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This line of thought derived from the staff question of the week that asked: “What was the last movie you saw?” My answer was “The Book of Eli,” an apocalyptic setting with a man on a spiritual mission.
It was this answer that caused me to realize it had been quite a while since I’d went to a movie, something I grew up with and thoroughly enjoyed – then I remembered why: cell phones.
Attending “The Book of Eli” wasn’t the first time in recent years I had encountered it, but it reminded me this would be my last movie because I, like all of you, can now stay at home to watch a movie and not have to encounter it.
Entering a movie theater was one of the exciting moments of going to watch a movie.
The smell of popcorn, the walk down carpeted halls and walls that silence vibration and echoes, the precarious decision of choosing just the right seat and the first drink of a fountain soda while settling in for the show was a great part of the experience of going to the movies.
The darkness of movie theaters – once reserved for hand-holding and the feeling of soft cheeks – has given way to its illuminating light and often its custom ring or click, click, click of someone typing on its face.
It just adds to the general rudeness that sadly is mainstream these days.
Rudeness translated into 2-year-olds performing yoga in the seat next to me at the movie I last saw before “The Book of Eli” – “The Dark Knight.” The math there goes back years.
I spent more time at that movie trying to hold my tongue and not tell the woman and her children that: 1) It wasn’t appropriate for these kids to be at this move (apparent when they began crying in fear when the Joker appeared); 2) That when children begin misbehaving in public its her duty to remove and correct them, regardless if the movie is in its climax.
I decided after “The Dark Knight” experience that maybe it was just my sensitivity to others that led me to spend more time plotting my escape from my seat than enjoy premiere tickets at the sold-out IMAX showing.
So, I stopped going to movies. But “The Book of Eli” looked intriguing and I planned a late show viewing at a small theater unlikely to be well-attended making it possible to move seats if needed.
And then it appeared. A cell phone.
And then another, and another, and… you get the idea.
I saw these too at “The Dark Knight,” but because it was sold out I was in the front row and the glow of cell phones wasn’t quite as visible.
And yes, I saw a movie before “The Dark Knight” where cell phones were in use during the show, but it seems their use has become more blatant, more belligerent, like a cured drunkard that just went on a binge.
Texting, calling and picture sharing seemed to be rampant among the seats of the theater.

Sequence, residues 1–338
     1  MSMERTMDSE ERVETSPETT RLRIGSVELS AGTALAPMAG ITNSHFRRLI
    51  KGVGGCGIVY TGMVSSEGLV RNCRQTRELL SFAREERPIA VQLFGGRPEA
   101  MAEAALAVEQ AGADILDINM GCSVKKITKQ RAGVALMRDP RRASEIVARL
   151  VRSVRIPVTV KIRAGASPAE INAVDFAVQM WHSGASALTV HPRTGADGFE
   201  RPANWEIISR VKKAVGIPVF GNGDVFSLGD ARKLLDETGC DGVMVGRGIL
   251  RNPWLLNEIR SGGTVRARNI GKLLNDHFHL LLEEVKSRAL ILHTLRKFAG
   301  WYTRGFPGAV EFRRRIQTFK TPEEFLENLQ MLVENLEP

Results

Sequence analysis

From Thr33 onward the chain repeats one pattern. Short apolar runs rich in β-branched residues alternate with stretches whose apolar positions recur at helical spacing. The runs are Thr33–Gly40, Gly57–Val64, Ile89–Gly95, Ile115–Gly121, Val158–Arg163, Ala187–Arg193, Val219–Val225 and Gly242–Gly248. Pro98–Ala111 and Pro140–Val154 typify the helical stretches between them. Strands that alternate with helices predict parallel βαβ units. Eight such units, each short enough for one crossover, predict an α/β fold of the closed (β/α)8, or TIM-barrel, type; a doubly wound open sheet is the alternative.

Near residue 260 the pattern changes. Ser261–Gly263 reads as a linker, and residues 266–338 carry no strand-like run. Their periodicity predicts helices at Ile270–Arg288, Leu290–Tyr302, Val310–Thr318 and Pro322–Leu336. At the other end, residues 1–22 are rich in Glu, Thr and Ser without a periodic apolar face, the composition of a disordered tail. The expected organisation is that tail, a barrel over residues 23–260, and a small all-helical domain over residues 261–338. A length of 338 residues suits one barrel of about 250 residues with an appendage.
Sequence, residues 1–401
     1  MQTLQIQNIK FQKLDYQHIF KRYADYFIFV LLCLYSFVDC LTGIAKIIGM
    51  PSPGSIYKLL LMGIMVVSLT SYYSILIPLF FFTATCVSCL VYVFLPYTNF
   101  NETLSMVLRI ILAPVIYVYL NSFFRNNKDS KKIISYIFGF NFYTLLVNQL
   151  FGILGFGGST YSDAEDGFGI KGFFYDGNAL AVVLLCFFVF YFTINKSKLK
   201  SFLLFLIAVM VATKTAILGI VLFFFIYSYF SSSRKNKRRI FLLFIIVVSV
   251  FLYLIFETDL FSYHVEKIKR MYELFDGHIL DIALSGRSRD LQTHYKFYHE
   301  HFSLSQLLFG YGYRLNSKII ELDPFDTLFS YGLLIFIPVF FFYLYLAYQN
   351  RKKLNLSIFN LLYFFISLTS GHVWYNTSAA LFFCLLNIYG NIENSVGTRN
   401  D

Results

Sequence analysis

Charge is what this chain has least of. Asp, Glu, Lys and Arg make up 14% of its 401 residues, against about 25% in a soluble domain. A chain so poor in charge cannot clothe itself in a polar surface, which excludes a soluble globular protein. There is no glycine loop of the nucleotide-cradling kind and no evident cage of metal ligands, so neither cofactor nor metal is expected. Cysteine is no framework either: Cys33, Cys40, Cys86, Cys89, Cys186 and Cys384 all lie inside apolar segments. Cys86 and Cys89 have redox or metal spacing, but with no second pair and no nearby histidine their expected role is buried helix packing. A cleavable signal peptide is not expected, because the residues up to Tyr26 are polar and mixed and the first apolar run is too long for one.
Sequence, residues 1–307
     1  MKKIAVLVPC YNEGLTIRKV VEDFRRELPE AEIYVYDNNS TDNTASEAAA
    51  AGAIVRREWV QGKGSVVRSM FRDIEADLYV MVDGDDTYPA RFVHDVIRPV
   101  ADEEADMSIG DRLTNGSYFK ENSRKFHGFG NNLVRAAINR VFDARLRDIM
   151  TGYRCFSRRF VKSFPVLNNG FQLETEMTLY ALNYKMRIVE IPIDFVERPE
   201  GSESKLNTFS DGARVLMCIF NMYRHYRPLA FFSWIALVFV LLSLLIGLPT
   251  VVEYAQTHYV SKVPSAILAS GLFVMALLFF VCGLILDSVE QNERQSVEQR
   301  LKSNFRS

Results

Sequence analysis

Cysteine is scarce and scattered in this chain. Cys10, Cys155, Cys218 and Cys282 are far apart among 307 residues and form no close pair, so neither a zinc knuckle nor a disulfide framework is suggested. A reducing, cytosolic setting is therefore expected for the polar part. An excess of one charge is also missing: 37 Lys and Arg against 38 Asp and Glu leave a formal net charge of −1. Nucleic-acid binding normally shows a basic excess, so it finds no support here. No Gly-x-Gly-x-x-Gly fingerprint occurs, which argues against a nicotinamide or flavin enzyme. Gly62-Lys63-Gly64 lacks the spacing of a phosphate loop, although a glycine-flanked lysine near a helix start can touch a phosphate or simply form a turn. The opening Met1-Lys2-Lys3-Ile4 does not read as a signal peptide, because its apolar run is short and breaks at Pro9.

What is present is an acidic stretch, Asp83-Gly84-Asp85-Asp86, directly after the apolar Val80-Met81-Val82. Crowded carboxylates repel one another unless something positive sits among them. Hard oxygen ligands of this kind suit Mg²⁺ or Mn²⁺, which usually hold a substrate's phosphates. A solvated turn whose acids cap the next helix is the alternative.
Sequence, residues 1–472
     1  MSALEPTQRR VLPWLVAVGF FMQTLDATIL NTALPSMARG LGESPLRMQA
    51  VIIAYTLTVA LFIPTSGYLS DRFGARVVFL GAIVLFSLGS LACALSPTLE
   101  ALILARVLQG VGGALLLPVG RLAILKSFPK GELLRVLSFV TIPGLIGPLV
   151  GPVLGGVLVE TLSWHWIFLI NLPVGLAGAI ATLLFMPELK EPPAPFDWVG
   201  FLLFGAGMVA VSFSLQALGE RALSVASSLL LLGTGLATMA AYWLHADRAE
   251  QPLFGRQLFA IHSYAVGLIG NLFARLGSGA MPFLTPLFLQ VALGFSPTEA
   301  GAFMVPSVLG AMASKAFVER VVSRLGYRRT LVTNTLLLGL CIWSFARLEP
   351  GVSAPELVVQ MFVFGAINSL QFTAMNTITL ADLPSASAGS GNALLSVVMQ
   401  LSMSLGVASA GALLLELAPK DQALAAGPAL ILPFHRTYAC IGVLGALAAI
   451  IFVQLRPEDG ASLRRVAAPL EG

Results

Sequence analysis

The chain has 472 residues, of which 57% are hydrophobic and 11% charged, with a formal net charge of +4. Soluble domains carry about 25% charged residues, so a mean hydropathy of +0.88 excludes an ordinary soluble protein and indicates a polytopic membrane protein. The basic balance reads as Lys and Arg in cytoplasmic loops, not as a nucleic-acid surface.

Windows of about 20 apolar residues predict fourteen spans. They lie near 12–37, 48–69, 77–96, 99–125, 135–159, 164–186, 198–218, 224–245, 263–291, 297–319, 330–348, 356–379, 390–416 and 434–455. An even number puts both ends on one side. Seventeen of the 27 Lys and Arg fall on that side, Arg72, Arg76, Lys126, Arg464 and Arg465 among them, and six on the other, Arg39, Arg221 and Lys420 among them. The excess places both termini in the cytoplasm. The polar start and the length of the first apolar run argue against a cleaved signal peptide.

But this was just during the previews; I could make the trade off as long as the phones went off during the show.
And sure enough, with the appearance of a nice warning sign some flips flipped closed, some slides slid down and for a few moments all attention was on the screen.
Then someone received that text they’d been waiting for all day.
And another person obviously waiting for precious news of a loved one’s return home from overseas popped their phone open.
A young man, with a few manners, attempted to shield the glow of his screen, but it didn’t matter. Like the spray of a person’s sneeze, the germs of light spread through the darkness.
There’s a self-absorption with cell phones that reveals the self-centeredness each one of us carry within ourselves.
For many, phones create a feeling of self-worth, a purpose that others want to be connected to them.
It’s the sociological equivalent of Facebook – let me show you who I know, who knows me, who likes me, and that I am important enough to be having people in constant contact with me.
Before cell phones, pagers were the rage and at first, they were reserved for doctors, attorneys, politicians and law
When their pagers would go off, everyone nearby assumed an important event was happening and they, in turn, were important to the process.
Perhaps that’s why people have such affection for their phones. They interpret a level of importance to themselves by having their phone and even more importantly, using it – like a gunslinger carrying a six-shooter.
I have hope that cell phones, like six-shooters and the holsters that carried them will become old and a bit of an oddity in public.
Until then, myself and thousands of others around me, will have to continue to be patient as people continue to carry them into theaters, public meetings and group discussions to fulfill their need to feel importantly connected to a world that surely can wait, if just for a couple of hours.
Tony Cotten is publisher of The Oldham Era. The views in this column are those of the writer. Email us about this story at:firstname.lastname@example.org.